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Quick help please- FIL on way to hosptial (Mental Health)

(32 Posts)
Armadale Wed 11-Dec-13 15:57:16

I started a thread here somewhere yesterday asking for advice about FIL's he has lost it a bit- details sketchy but hitting walls, smashing furniture etc. Ambulance and DH on way round there.

Can anyone advice me what is likely to happen and what questions DH needs to ask at the hospital? Will they automatically keep him in? Is this an opportunity to get him on some proper meds? What do we do if they let him out tonight?

clio51 Wed 11-Dec-13 23:49:30

Really don't won't to dishearten you about geriatric mental health help.

Don't know what part of country you live but it's very hard to get help quickly it takes months ie waiting lists.

When I was really bad mine was via gp referal to my crisis team, first I was given diazepam by gp 5 days worth whilst waiting. It took 2 days for mh team to visit me and boy was I desperate! They just spoke to me about what I thought brought it on, was I suicidal what was going through my mind etc. They came again couple days later again more questions, they know there isn't going to be much change because ads take a while to get into your system,I was given the phone no of crisis team,mh ward no of my hospital. I then got a visit of phychologist 2 weeks later to assess me to she if I what help I needed if any!!!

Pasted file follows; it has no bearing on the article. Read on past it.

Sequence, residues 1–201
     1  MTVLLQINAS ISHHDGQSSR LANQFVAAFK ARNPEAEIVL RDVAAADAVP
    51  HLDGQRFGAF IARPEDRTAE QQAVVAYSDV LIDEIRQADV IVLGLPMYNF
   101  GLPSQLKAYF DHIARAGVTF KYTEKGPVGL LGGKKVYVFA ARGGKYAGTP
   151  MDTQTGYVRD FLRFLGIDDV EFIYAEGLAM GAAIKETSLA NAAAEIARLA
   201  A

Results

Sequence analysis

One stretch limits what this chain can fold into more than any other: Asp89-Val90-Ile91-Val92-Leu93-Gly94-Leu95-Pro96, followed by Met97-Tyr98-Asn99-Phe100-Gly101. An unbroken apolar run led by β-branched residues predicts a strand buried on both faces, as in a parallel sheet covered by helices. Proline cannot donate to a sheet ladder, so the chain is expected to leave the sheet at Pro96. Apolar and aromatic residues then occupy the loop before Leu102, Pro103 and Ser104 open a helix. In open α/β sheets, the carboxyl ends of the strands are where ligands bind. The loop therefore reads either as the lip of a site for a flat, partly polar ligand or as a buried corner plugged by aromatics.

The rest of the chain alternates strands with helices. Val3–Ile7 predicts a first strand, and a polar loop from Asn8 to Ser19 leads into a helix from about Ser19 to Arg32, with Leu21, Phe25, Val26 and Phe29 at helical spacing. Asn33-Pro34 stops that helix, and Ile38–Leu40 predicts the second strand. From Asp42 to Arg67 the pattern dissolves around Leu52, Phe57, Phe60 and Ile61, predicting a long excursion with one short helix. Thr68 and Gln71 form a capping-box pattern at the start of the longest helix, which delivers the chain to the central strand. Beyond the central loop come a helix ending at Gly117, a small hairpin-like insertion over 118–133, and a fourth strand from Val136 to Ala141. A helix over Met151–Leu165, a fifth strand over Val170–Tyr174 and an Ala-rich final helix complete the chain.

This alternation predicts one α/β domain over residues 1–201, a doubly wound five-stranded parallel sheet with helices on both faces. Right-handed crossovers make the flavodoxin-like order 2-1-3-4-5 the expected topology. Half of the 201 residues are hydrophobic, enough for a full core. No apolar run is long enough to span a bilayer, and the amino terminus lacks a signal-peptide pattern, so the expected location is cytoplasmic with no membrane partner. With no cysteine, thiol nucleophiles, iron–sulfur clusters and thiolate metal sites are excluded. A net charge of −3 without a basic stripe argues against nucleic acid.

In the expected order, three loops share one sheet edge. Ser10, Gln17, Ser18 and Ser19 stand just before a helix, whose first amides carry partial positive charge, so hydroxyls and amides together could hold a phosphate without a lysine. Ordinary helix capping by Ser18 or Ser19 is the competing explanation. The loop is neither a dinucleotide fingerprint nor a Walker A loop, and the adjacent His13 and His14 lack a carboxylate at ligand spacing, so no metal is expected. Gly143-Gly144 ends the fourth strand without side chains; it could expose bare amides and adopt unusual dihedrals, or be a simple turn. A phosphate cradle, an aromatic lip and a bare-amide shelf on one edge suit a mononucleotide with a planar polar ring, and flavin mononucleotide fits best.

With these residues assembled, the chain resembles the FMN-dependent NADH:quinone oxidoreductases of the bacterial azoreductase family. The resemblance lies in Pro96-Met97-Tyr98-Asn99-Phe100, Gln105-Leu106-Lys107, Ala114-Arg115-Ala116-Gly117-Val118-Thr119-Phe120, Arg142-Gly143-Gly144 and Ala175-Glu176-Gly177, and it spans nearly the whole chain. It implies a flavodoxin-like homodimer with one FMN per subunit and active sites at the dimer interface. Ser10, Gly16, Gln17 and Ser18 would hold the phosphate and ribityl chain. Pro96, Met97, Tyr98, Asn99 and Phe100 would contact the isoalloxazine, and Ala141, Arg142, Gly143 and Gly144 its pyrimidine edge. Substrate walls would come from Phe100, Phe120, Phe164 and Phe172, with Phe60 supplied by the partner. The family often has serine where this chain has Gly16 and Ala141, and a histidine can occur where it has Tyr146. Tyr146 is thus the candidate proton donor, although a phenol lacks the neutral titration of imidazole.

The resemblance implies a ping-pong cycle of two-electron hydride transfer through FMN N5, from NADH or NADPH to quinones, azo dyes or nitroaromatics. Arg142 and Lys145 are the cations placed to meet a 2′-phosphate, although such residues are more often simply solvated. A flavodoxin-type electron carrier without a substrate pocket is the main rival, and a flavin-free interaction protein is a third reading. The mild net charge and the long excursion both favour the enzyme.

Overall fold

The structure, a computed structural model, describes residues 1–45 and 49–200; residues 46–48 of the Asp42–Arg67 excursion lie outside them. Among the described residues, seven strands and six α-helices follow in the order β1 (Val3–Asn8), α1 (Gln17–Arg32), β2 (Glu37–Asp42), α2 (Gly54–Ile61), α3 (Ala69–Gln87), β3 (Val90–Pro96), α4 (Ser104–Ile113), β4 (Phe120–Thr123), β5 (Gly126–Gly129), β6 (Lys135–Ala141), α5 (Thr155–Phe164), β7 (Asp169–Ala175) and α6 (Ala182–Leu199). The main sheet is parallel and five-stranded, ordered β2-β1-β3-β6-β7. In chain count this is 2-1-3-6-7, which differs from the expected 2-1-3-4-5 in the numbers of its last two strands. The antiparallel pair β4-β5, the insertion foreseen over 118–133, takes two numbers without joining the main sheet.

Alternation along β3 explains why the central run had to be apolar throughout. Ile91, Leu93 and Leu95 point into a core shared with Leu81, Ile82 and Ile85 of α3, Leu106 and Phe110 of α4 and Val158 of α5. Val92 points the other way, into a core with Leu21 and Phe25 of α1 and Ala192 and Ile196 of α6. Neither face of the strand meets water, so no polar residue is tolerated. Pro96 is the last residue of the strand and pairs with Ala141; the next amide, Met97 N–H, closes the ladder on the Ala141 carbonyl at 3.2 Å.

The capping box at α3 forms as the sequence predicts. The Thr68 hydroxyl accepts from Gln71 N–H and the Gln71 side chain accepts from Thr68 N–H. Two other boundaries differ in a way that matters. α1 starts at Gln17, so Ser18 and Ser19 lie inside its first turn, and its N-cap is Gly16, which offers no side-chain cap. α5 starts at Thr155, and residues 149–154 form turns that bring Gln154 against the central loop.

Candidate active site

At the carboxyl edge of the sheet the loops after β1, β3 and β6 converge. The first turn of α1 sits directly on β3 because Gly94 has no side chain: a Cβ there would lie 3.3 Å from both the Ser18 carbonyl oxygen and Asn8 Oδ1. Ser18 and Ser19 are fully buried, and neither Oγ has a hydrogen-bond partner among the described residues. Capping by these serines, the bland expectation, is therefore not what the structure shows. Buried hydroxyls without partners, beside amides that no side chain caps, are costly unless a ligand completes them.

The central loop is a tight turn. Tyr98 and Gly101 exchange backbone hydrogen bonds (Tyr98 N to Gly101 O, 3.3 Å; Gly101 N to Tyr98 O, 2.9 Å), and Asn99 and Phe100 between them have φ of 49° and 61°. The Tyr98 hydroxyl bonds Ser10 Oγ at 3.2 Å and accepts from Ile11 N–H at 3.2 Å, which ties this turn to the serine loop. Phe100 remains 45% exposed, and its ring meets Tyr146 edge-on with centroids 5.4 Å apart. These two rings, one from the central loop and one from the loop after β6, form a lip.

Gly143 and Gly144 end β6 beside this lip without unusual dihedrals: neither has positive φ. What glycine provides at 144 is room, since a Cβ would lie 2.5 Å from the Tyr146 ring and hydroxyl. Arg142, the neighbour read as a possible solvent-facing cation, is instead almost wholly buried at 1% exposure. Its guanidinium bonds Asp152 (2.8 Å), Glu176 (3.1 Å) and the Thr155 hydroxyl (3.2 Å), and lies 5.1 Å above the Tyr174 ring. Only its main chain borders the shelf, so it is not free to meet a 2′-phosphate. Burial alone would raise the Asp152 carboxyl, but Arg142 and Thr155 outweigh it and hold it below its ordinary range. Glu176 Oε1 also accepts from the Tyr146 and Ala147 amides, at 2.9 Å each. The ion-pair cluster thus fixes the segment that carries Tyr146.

From then on I was accepted in the crisis team and got weekly visit and I could ring them took 6mths!!!! To get to see psychiatrist and to be honest at the beginning I got the impression she just wanted to throw drugs at me no way! I didn't want to be a zombie!

Just want you to realize nhs is very slow even in times of crisis, they would rather you stay in familiar surroundings and not to mention no beds.

He is probably scared to death what's happening to him(I was at 54)
But yes that's an opening opportunity to get him talking and the more he talks about it the less embarrassed he will feel with everyone.

I don't know how much intervention your dh has or his dw with regarding his treatment as I can only speak for myself but certainly something to ask gp.

Armadale Thu 12-Dec-13 08:01:32

Thanks Clio, I'm sorry you have had such a rough time and appreciate you sharing your experience with me.